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Henoch-Schonlein Purpura (HSP) by Jessica Brown

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HSP (Henoch-Schonlein Purpura) is a disease that affects the small blood vessels. People who have HSP will most likely experience inflammation of the small blood vessels that eventually start to leak. The organs that are affected are the kidneys, intestines, joints and skin. Most commonly affected are children ages two to eleven and the most documented cases were in children from four to six. Adults are susceptible as well. In adults the disease will be more severe than in children. The disease is more common in boys than girls but not significantly. Children of Asian and White ethnicity are more commonly affected than are African American children. Scientist still do not have much information on where HSP comes from or how it is acquired.

Professionals believe that HSP is a disease where the immune system attacks the blood cells. Many cases of HSP appear after an upper respiratory disease. Vaccinations, cool weather, food, drugs (such as antibiotics and antihistamines), and chemicals are just a few other ideas that doctors have as to where the disease comes from. The disease does not normally occur in the summer months. Another idea as to how this disease is triggered is insect bites. In rare cases the pancreas will become inflamed. Medical is not needed in most cases but if kidneys are affected infected may need to be monitored to watch for the condition to worsen. Doctors can tell by urine tests within three to six months after the symptoms start if someone will have permanent kidney damage. Doctors also believe that the immune system has to be triggered to cause an unusual immune response. Women who had HSP while they were children or young adults are more prone to high blood pressure when they become pregnant.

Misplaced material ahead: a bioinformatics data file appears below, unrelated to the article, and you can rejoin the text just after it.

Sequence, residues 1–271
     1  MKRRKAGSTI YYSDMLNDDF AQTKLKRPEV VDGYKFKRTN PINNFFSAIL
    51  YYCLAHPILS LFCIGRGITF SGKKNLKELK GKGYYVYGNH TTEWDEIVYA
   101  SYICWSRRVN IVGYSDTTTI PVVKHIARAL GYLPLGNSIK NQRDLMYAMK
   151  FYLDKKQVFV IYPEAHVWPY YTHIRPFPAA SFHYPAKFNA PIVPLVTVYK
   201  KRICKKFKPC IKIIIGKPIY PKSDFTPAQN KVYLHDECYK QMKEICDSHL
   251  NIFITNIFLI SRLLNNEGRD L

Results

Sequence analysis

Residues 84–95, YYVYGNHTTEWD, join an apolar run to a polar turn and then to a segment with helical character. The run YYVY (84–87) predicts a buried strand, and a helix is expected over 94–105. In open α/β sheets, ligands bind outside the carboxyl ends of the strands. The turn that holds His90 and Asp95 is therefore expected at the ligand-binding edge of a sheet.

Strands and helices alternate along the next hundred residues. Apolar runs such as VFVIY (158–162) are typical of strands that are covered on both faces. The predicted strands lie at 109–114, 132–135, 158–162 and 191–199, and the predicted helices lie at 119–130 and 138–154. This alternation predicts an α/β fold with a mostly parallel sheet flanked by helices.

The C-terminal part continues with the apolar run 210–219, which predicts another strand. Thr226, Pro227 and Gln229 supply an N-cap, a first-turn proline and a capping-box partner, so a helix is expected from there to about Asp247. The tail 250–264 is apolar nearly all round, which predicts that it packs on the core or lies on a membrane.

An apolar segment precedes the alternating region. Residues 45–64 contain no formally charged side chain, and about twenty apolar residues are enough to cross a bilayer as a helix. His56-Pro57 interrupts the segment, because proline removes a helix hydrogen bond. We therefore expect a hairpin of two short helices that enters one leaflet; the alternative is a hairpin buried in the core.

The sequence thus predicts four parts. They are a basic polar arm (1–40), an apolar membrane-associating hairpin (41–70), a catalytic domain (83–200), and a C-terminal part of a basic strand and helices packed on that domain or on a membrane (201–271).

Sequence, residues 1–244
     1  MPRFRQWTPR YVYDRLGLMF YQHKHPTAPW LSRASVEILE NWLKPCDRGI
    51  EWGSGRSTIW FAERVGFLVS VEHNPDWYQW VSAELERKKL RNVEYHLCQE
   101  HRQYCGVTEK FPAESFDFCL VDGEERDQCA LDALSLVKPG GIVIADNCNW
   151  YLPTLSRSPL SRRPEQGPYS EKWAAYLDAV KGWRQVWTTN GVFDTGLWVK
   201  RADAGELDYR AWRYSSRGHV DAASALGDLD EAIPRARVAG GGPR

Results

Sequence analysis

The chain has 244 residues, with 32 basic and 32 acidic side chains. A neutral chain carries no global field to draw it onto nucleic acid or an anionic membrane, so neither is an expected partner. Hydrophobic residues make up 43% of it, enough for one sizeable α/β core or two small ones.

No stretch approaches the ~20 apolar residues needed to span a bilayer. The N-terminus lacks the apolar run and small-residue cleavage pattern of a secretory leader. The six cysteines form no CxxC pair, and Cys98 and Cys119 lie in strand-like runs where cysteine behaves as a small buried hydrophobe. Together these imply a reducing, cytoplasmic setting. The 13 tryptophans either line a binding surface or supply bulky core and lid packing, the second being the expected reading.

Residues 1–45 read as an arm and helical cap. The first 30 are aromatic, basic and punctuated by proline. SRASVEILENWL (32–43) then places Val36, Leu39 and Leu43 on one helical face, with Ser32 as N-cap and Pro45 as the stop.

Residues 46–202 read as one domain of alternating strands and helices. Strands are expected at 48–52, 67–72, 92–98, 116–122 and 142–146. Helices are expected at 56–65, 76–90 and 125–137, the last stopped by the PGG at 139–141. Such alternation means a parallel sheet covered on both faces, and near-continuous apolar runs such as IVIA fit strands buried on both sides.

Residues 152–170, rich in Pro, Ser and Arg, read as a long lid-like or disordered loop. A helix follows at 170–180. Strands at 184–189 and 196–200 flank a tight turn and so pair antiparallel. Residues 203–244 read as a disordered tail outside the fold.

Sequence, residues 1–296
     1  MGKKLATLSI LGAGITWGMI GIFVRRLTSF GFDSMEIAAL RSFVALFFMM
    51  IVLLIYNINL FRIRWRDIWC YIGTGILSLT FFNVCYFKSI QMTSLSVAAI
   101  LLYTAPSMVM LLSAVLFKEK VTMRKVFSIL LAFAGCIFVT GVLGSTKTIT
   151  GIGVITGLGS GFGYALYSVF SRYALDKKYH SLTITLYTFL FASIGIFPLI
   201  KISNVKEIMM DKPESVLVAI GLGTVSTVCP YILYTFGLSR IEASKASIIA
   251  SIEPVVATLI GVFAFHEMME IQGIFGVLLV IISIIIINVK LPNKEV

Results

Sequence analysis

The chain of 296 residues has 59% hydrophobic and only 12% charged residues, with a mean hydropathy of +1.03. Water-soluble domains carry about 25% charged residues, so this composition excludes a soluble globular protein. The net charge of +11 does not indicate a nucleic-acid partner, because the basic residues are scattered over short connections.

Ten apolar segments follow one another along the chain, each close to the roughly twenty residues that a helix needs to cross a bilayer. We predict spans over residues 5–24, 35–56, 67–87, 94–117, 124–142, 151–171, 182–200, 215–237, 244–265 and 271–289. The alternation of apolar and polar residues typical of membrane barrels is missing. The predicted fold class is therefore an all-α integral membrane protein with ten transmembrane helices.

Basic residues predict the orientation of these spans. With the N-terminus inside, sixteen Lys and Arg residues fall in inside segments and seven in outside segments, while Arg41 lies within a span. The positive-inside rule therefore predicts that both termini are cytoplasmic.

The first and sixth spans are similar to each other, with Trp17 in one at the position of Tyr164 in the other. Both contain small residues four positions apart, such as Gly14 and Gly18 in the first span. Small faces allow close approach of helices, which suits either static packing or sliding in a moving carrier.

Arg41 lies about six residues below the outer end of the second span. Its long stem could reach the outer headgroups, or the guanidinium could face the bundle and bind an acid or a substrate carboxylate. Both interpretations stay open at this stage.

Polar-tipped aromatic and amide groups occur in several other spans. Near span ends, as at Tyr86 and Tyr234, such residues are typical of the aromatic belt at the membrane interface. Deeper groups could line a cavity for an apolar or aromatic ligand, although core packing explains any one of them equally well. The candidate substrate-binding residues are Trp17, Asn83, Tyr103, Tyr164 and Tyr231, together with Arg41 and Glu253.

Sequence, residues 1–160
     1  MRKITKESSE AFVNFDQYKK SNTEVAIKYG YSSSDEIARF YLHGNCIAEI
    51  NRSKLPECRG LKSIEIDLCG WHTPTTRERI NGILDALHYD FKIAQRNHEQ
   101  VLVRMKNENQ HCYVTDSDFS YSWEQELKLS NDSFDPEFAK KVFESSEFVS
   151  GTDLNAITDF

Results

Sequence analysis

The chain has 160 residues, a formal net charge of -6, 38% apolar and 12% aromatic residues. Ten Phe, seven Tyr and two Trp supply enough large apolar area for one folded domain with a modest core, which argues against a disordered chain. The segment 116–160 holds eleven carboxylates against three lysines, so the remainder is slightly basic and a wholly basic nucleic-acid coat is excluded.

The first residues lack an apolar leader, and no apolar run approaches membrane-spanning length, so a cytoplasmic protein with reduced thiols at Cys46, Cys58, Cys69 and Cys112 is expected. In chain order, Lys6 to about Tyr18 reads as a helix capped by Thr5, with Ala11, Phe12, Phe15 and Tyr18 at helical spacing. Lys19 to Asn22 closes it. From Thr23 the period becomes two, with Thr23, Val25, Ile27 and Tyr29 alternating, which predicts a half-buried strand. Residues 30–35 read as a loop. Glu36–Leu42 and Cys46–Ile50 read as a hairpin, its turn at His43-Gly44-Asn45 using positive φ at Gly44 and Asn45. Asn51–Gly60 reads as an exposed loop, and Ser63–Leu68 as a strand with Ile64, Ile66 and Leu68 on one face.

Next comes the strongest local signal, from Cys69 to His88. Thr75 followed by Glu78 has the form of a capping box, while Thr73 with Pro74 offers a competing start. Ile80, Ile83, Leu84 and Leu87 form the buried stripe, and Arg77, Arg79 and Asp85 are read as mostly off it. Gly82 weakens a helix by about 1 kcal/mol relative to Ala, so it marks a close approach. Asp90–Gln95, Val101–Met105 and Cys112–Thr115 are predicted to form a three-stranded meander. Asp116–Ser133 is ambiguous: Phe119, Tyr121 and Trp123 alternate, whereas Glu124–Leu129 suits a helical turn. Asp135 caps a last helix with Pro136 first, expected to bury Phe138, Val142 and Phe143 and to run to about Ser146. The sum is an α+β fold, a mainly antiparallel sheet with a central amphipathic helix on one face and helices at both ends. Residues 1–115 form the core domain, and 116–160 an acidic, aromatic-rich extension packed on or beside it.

The symptoms of HSP include rashes, abdominal pain, raised bruises, and arthritis. In the most severe cases the infected will experience long term damage such as kidney disease, kidney failure, bowel folding, as well as the brain lungs and heart being affected. The lower extremities and buttocks are most commonly affected by the rash. Often there will be painful swelling in the joints. When people experience abdominal pain they may also experience bloody stools, diarrhea, and vomiting. The duration of the symptoms and the disease is usually four to six weeks. Before the onset of the disease the infected may experience a fever or headache. Symptoms usually do not occur the whole six weeks but may show up from time to time.

As of now there is no specific treatment for HSP, most cases call for over the counter medications like Tylenol to treat the pain from inflammation. Prednisone is used for internal bleeding associated with HSP. When kidneys are affected doctors may prescribe immunosuppressant drugs to help prevent permanent kidney damage. If the disease reoccurs it usually comes within two to three months after the first episode and is said to be less severe. Only one percent of cases result in complete kidney failure and it takes up to ten years to progress to failure. The National Institute of Diabetes and Diseases and Kidney Diseases is currently researching to discover more about HSP and to treat the severe cases where kidney disease results.


“Henoch-Schönlein purpura .” National Institue of Health. Ed. Joseph Flynn, NIDDK scientists outside experts, and ASPN Clinical Affairs. NKUDIC, Sept. 2006. Web. 5 Apr. 2012..

“Henoch-Schonlein Purpura (HSP).” WebMD. N.p., n.d. Web. 5 Apr. 2012..

“Henoch-Schonlein purpura .” Ed. McCarthy HJ. N.p., 4 Nov. 2010. Web. 5 Apr. 2012.


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